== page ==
On the marketing side, using B2C practices and more commercial methods allows me to review how we approach our marketing and have a more customer-experience focus. At the end of the day, we do ‘sell’ a product and have customers which is no different from Coca-Cola.

    You said that you expected this market to be more disruptive. Do you think that will change? 

    There are definitely schools doing disruptive things. But one of the challenges is that business schools are traditionally aligned with parent academic institutions who have a lot history and heritage. Sometimes you face the classic sales vs marketing or sales vs operations dilemma. All the stakeholders have different opinions and often the challenges come when you're looking to do something different or shake the tree a little bit. People get sensitive and worried about the reputation and trust that has been built over the years, especially in academia.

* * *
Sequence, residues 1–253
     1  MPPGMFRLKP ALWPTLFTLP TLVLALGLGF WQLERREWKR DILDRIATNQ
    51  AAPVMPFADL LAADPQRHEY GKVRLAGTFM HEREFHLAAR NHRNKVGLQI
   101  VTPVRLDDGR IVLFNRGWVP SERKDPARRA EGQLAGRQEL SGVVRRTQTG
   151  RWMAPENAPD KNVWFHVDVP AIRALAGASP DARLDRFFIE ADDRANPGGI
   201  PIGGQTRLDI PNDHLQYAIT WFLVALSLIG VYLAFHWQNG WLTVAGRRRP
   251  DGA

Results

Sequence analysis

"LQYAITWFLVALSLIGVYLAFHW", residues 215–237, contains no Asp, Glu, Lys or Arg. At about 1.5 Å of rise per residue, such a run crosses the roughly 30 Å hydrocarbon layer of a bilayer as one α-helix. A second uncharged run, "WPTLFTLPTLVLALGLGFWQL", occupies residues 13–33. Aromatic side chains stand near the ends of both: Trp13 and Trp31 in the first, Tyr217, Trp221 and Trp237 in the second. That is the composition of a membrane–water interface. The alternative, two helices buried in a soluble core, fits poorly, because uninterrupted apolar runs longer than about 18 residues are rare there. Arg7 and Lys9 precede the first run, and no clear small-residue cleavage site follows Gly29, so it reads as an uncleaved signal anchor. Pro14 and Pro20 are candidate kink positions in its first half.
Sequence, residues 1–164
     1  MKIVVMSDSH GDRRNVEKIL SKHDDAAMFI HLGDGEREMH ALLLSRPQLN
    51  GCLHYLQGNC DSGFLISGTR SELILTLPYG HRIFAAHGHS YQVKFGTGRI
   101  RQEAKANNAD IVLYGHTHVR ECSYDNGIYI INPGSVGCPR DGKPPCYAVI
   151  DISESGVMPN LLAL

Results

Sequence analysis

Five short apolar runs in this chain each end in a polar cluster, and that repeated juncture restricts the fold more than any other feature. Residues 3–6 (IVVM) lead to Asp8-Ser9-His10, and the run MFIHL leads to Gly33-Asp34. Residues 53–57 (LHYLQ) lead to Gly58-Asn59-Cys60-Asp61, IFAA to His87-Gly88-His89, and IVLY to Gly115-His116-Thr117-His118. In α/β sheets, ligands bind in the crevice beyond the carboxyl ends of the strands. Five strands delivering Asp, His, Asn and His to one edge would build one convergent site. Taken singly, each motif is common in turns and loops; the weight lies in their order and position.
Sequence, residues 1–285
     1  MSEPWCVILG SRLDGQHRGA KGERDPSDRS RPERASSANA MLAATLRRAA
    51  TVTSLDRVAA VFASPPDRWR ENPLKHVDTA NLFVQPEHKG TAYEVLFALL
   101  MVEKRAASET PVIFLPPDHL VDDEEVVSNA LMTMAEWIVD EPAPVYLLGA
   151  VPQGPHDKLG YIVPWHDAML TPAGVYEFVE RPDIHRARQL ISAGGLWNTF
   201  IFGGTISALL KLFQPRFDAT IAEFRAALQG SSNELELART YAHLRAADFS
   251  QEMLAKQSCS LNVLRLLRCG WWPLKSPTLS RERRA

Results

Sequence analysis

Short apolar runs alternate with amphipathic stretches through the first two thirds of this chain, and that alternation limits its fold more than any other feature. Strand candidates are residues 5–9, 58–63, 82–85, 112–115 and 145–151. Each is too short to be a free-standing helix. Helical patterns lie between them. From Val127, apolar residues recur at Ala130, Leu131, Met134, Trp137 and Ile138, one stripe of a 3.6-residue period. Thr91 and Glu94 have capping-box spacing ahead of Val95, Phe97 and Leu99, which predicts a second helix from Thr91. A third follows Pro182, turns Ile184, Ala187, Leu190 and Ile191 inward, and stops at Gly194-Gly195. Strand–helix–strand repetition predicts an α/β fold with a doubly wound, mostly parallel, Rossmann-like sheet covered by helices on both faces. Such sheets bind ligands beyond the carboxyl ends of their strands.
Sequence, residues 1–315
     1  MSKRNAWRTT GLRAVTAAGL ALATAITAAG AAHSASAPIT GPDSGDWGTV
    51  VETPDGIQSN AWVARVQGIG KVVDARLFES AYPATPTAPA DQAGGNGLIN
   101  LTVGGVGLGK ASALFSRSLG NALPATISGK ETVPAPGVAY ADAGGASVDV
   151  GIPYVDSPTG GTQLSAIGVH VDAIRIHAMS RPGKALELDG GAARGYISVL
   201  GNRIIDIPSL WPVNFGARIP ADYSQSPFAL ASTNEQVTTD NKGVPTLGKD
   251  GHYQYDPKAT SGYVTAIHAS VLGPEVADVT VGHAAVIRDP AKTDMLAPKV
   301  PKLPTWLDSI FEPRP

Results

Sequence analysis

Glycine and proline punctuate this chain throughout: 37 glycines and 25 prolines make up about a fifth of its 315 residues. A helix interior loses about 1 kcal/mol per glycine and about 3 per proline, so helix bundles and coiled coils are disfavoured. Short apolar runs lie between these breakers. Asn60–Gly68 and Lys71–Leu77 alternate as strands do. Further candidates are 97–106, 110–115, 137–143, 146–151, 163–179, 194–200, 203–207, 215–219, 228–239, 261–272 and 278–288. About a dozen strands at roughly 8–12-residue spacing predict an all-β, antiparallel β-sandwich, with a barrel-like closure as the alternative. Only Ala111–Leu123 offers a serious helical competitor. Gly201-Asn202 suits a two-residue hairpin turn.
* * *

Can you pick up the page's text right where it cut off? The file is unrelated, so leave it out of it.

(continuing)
As a marketer it is important to understand how to navigate the system and understand that you might need to make some concessions to get your idea going.  Another challenge in higher education is the size of the marketing budgets. It's easier for companies that have large marketing budgets to do disruptive things.

    What have been the biggest rewards of this job?

    On the organisational and internal side the biggest reward has been watching our team really unite and do some amazing things together. This year our application volume and interest has gone up significantly which means all our marketing efforts are having a positive impact. That’s something that I’m extremely proud of!

    On the marketing side it was great to get positive feedback from alumni on the content that we produced. There are lot of great things happening at RSM and I feel that we’re now showing the world how RSM follows through our mission of being a force for positive change in the world.

    What are the main challenges you face in this role?